Will an overhaul of the patent system create new jobs right away and help curb unemployment?
Or is that a long-range structural change whose payoff is years down the road?
Listening to President Obama, it's hard to tell sometimes.
Over the summer, Obama included patent reform in a list proposals he said Congress should pass right away in order to boost job growth. In a visit to Cannon Falls, Minn., in August, for example, he made the case for passing new trade pacts, renewing the payroll tax cut and spending money to revamp the nation’s roads and bridges. He then gave a plug for patent reform, ending the riff by saying, "So there is no shortage of ideas to put people to work right now."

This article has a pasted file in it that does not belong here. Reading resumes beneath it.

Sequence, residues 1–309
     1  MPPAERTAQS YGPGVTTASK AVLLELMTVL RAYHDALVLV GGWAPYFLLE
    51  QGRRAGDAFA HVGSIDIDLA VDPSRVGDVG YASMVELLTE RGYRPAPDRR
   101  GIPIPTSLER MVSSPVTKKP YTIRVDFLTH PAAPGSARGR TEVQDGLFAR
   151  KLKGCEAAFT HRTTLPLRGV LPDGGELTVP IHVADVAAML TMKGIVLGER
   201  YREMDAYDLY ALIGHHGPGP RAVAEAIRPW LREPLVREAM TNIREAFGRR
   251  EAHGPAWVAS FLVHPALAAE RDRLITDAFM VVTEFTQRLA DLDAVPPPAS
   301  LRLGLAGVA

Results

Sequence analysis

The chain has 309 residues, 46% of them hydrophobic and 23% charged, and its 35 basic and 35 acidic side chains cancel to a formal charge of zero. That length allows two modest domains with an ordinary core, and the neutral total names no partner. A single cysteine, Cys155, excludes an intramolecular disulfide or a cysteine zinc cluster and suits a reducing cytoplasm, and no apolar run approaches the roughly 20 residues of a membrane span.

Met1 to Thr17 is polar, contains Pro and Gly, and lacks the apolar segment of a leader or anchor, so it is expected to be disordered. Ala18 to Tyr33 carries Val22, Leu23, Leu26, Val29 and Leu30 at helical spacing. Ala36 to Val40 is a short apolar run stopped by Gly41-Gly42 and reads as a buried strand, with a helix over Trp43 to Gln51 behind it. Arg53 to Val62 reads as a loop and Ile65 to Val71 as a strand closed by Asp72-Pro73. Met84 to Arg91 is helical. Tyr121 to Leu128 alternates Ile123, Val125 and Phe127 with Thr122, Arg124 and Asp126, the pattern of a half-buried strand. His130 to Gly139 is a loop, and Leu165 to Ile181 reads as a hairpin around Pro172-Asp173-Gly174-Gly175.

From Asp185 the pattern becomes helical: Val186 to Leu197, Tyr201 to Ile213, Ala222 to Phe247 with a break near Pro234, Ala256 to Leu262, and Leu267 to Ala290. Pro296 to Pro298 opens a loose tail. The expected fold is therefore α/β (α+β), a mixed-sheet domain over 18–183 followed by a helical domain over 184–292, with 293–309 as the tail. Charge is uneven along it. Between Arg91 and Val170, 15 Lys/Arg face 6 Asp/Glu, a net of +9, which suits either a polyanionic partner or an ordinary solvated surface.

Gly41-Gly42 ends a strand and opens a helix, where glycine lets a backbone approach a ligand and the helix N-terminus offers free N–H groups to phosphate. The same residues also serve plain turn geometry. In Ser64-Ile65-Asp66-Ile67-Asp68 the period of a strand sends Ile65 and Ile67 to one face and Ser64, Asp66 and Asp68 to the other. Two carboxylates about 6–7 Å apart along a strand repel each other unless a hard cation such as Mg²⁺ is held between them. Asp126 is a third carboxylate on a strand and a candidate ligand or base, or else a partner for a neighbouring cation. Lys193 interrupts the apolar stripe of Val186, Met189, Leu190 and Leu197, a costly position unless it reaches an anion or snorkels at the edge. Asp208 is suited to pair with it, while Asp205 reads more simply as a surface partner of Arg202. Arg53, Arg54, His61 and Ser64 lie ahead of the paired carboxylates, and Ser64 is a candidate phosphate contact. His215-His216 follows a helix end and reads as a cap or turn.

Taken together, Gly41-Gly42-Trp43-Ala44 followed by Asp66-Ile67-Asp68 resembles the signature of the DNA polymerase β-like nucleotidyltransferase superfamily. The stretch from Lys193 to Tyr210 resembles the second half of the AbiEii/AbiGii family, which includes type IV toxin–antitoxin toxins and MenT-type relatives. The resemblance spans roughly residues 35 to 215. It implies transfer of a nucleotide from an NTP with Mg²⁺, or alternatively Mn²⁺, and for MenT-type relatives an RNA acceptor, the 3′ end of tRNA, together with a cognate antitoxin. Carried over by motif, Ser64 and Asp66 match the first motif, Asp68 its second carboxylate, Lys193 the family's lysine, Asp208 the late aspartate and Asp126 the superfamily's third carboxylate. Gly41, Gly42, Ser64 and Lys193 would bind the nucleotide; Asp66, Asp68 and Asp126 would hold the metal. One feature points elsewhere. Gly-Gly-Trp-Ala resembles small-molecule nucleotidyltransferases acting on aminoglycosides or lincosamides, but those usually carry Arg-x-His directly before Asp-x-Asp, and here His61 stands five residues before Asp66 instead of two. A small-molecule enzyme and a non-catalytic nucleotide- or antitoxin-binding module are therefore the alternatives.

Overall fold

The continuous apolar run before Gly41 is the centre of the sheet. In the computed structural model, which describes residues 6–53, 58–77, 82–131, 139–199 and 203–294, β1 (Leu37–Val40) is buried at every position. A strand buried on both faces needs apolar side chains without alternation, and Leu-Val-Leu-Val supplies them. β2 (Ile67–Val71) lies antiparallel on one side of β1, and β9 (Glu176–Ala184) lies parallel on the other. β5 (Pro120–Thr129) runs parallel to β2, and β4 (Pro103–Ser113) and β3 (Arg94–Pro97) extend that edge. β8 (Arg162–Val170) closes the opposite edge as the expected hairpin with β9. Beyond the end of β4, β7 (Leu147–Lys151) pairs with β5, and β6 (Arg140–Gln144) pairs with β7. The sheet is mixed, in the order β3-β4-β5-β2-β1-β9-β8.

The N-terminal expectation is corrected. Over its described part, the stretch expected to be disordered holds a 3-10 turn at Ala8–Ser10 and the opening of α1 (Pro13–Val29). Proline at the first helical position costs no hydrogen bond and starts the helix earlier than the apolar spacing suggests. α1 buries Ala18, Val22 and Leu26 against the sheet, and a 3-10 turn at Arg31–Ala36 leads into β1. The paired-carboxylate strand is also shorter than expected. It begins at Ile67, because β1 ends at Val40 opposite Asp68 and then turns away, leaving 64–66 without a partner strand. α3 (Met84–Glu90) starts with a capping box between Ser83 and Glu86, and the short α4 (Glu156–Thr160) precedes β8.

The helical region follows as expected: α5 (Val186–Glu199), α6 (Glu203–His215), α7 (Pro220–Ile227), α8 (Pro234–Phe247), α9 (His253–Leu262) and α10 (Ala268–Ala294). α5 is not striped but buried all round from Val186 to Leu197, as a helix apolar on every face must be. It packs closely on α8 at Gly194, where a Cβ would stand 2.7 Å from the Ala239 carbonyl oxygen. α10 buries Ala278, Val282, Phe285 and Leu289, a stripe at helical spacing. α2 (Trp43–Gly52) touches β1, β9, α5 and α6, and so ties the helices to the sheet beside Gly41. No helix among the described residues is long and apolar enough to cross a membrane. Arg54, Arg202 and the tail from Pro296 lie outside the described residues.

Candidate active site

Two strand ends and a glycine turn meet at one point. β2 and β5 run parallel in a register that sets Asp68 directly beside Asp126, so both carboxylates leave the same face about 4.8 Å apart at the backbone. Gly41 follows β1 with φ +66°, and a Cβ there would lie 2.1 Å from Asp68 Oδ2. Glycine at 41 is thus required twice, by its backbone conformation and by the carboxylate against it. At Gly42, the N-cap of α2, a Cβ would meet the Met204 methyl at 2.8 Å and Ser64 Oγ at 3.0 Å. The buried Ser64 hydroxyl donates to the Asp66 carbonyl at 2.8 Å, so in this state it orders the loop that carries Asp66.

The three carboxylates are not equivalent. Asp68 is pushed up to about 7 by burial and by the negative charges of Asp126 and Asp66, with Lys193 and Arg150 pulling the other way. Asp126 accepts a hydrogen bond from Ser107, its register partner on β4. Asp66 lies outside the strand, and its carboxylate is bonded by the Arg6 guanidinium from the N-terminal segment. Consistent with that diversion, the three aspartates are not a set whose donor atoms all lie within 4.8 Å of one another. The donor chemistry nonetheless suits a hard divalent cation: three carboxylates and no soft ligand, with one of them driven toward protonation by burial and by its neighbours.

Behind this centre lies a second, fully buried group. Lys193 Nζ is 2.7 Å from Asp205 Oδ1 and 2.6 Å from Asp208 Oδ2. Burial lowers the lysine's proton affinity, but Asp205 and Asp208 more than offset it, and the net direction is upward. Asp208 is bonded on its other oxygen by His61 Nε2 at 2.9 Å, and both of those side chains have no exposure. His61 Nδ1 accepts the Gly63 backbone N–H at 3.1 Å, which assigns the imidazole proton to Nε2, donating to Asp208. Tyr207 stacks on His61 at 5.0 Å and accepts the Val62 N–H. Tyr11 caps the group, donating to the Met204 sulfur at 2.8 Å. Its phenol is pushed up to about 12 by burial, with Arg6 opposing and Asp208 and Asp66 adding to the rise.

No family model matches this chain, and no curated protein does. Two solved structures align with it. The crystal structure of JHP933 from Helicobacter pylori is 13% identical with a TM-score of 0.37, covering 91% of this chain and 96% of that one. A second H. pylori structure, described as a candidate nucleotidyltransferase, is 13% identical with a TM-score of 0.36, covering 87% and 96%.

Congress passed the bill and Obama signed it into law last month.
But "right now" might not mean, "right now."
Fast-forward to the news conference Thursday, at which Obama downplayed any expectation out there that the patent law changes might kickstart job growth.
He described it as "a long-term issue for our economic competitiveness."
Continuing: "It's not putting Americans to work right now."